Prosecutors say those initial suspicions about his injuries — and the fact that she continued to allow Trent to babysit — are proof that Hogue was guilty of “permitting her child to be murdered”.
Several pieces of evidence were not allowed into trial, which Hogue’s pro-bono attorney Andrew Casey believes could have helped her case.
The tree-carving with the words “Rebecca is innocent” was considered hearsay, and a ban was placed on distributing those images.
The lead detective who investigated the murder was not allowed to give his opinion on the merits of the case, and an audio recording that captured him discussing it with a friend of Hogue was not allowed into court.
On the recording, obtained by the BBC, he admits that his team looked into the question of whether to lay charges and decided they did not have enough evidence for a “failure to protect” first-degree murder charge.
“We don’t believe in this charge and there’s a good chance she ends up in prison anyway because of the way the system is,” Detective Sean Judy can be heard saying on the recording.
The candid conversation was first reported on by the Norman Transcript, a local newspaper.
Mr Judy and the Norman Police Department declined to comment to the Norman Transcript and the police department did not respond to the BBC’s request for comment.
The district attorney’s office chose to bypass police charges by asking a jury to decide if charges should be brought, which is allowed in some American jurisdictions, rather than bringing police charges. Ultimately, the jury decided charges were warranted.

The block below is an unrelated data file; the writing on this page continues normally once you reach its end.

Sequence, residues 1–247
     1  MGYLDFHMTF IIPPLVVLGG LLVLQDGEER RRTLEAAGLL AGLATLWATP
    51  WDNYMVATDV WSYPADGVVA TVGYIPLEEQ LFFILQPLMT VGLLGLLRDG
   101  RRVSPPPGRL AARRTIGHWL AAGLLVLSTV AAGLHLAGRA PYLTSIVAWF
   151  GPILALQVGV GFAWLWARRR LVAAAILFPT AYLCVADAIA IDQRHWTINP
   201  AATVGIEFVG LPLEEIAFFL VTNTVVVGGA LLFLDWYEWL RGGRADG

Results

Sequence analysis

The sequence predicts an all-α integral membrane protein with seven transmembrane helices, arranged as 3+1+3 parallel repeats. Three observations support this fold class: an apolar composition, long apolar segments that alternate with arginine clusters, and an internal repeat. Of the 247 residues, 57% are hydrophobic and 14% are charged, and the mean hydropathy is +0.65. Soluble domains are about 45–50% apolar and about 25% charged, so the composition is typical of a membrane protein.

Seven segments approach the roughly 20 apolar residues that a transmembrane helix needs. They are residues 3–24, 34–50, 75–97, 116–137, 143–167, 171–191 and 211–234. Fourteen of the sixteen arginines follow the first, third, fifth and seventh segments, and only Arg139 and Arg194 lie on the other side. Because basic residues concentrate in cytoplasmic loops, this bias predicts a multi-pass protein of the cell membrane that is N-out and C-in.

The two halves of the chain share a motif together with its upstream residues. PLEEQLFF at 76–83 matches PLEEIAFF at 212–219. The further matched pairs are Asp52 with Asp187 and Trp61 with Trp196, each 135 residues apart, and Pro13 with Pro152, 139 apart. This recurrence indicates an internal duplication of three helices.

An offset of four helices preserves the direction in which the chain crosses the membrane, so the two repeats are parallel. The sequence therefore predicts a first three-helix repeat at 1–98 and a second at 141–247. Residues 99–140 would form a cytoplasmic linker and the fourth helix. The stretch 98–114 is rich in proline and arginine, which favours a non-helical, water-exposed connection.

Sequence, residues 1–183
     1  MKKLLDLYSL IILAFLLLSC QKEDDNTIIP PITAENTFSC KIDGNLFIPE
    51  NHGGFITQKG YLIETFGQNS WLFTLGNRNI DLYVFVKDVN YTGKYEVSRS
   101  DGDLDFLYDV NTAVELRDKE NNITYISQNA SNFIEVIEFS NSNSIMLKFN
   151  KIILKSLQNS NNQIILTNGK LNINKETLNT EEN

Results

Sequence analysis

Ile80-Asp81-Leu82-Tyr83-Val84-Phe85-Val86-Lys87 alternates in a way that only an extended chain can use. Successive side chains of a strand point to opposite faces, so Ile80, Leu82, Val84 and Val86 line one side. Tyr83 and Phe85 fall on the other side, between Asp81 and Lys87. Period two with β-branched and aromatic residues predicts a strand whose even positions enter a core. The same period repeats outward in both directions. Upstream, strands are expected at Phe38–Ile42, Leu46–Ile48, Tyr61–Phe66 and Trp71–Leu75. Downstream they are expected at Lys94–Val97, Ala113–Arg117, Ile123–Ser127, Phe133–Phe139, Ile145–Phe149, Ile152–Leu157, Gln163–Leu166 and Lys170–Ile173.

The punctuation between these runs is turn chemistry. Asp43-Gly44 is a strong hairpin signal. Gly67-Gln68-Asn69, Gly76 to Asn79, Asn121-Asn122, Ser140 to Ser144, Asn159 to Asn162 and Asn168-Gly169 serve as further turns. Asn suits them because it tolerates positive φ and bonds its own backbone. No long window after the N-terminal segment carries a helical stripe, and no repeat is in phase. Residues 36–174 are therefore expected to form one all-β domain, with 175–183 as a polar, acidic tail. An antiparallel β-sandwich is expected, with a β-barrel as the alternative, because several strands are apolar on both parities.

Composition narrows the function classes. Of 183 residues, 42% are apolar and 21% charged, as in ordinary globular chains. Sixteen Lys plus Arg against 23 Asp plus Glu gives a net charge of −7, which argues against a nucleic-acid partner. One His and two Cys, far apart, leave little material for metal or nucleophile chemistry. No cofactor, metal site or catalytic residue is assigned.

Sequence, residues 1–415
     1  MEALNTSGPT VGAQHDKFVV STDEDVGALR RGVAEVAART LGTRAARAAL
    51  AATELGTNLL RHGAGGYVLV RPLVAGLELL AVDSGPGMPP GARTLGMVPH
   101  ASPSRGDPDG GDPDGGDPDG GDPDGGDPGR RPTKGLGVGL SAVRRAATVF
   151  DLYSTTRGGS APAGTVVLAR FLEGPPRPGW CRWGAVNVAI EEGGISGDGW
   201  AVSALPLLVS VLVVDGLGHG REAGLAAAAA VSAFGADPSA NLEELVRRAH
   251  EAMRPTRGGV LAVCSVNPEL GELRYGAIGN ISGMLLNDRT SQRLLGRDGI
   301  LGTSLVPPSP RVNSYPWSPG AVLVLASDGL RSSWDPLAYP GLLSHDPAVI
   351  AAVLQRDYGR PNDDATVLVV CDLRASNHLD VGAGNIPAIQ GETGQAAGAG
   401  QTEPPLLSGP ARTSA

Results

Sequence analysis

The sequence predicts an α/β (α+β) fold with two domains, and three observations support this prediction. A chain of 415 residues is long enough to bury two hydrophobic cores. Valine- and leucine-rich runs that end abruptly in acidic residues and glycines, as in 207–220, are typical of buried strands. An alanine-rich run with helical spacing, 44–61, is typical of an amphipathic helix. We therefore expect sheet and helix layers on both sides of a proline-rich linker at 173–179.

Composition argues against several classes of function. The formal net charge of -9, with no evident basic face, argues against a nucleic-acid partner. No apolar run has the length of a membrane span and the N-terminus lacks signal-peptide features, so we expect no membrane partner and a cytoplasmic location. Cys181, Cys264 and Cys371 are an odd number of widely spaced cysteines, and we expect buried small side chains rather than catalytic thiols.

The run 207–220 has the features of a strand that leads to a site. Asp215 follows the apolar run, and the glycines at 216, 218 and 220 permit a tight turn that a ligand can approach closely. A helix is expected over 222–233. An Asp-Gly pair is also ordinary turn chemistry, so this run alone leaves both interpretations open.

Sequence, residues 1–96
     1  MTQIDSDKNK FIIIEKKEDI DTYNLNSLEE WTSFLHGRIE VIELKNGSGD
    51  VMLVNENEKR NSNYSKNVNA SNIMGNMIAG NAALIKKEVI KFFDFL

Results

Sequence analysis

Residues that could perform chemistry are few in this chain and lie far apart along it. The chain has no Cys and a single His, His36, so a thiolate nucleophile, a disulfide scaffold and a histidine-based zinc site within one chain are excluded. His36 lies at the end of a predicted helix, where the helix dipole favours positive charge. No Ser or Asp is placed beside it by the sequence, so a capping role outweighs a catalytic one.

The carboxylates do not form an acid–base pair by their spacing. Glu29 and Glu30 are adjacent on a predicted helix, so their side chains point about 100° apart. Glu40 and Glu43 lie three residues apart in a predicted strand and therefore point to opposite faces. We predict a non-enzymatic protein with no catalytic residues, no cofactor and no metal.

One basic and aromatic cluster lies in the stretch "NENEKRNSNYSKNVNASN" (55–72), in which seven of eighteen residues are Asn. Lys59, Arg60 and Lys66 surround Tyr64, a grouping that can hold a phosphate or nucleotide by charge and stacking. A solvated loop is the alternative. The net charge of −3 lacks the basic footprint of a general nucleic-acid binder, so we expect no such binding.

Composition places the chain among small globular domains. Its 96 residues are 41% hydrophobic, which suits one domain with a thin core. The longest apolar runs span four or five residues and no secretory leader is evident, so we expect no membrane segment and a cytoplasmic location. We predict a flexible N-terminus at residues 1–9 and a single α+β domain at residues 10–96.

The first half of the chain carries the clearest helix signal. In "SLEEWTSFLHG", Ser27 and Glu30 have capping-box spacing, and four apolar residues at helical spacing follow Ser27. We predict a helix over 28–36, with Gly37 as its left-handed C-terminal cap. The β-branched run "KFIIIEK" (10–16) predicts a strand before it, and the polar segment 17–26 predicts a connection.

The district attorney did not respond to the BBC’s request for comment.
And finally, the jury were not allowed to hear expert testimony about Hogue’s previous experiences with domestic violence and how it could affect her, because she was not the one being physically abused by Trent.
Over the eight-day trial, prosecutors repeatedly showed graphic images of Ryder’s dead body covered in bruises, including leaving a picture of his bruised genitals up for 10 minutes during closing arguments.
It took the jury less than two hours to convict.
Speaking to the BBC from prison, where she awaits sentencing on Friday, Hogue says she keeps playing those brutal images over and over in her head.
“The things they said in trial, they haunt me,” Hogue told the BBC from the Cleveland County Detention Centre in Oklahoma.
Growing up an only child, Hogue didn’t know what it was like to be around little children until she gave birth to one, she says. She was overwhelmed by how much she loved him, and she still calls him her “best friend”.
“He already had a sense of humour at two and a half,” she says, smiling at the memory.
With no prior criminal record, Hogue is now looking at the possibility of spending decades in prison. The state has the highest rate of female incarceration in the country.
The jury recommended life with parole only possible after 38 years, but the Oklahoma Department of Corrections said a deferred sentence, with no jail time and mandatory counselling, is more appropriate.
All this scares her. But what scares her the most is the idea that the tawdry glare of this courtroom drama will outshine the memories of her happy, loving boy.
“Ryder is getting lost in all this. That he’s not being remembered,” she says through tears, her eyes wide as a prairie sky.
“I don’t know why this happened to us. I ask that all the time.”